Continuing the retail theme, Debenhams has announced the closure of another three stores after failing to agree rent terms with landlord Intu Properties, with the closure of its stores in Newcastle, Milton Keynes and Watford. Debenhams still intends to reopen its remaining stores on the 15th June.

West End property owner Shaftesbury PLC also announced its latest H1 numbers today saying it intends to collect up to 50% of the rents for the period April-September, as well as move commercial tenants onto monthly payment programs. Its H1 loss after tax came in at £287.6m, largely due to revaluation adjustments. Underlying income saw a rise of 2.1% before coronavirus provisioning.

Premier Inn owner Whitbread announced the results of its recent 1 for 2 rights issue at 1 500p saying it had received bids for 91.4%.

Segro shares are modestly lower after announcing that it intends to raise the size of its share placing to £680m from £650m, due to higher than expected demand.

The Restaurant Group also confirmed the closure of 125 Frankie and Benny sites as part of a CVA arrangement that would see its airport concessions and pub operations unaffected, along with its Wagamama brand.  

On the currencies front the pound has hit its highest levels against the US dollar since the 12th March, after Bank of England deputy Governor Jon Cunliffe said that while negative rates were still being examined, the fact that he conceded the financial sector might experience “a great deal of pain” suggests that the barrier to such a move had got that little bit higher.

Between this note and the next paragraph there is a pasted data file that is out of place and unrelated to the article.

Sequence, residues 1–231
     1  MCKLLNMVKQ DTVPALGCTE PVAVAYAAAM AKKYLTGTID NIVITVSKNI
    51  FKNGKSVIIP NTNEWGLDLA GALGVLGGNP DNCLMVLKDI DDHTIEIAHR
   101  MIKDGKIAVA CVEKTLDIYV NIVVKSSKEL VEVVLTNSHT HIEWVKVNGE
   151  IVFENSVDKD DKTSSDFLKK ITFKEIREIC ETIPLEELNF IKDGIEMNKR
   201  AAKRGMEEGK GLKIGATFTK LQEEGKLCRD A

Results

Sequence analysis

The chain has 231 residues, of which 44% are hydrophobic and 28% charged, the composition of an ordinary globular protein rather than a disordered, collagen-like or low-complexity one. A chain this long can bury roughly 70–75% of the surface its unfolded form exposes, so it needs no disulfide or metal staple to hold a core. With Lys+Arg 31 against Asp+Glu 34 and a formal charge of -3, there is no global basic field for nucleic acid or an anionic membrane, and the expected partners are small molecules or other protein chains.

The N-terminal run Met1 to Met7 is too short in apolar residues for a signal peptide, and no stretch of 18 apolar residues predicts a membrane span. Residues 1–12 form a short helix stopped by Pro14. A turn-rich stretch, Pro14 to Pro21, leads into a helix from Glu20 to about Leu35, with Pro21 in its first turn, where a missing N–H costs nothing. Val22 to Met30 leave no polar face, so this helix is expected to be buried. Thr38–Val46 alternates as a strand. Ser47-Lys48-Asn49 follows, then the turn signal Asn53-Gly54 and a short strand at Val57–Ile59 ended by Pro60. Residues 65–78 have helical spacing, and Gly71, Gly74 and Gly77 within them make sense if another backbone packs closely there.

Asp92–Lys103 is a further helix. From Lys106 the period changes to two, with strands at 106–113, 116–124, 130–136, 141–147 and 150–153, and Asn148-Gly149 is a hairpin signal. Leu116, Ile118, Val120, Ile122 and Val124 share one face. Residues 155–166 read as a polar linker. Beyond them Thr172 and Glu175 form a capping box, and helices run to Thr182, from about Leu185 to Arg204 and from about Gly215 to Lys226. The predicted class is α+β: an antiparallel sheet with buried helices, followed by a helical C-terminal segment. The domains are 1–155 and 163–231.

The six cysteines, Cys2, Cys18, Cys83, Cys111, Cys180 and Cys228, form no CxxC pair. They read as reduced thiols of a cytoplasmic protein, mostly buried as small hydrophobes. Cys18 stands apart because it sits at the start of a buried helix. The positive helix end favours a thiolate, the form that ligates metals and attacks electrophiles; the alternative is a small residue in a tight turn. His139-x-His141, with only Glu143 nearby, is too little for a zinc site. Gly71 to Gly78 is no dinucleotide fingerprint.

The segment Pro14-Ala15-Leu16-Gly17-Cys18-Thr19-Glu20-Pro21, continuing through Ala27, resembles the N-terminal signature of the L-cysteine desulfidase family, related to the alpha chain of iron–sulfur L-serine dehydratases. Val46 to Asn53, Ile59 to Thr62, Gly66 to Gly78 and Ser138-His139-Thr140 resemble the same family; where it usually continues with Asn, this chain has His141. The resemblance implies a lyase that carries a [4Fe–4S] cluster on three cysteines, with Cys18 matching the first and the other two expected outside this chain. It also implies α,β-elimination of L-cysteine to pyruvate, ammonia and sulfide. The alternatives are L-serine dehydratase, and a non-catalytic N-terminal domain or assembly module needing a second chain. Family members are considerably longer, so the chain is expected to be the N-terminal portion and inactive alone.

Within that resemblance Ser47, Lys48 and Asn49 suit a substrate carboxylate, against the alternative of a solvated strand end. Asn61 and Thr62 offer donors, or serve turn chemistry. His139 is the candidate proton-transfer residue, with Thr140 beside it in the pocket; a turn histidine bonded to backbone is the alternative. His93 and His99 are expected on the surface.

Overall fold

After all, why would the central bank implement a policy that makes the transmission of monetary policy more difficult, and cause pain to the very sector that the bank relies on to implement that policy.

The US dollar has continued to weaken, falling to its lowest levels in nearly three months, ahead of the conclusion of todays’ Federal Reserve rate meeting. No change in policy is expected, however the main focus is likely to be on the Fed’s economic projections, particularly in light of last week’s surprise payrolls report for May.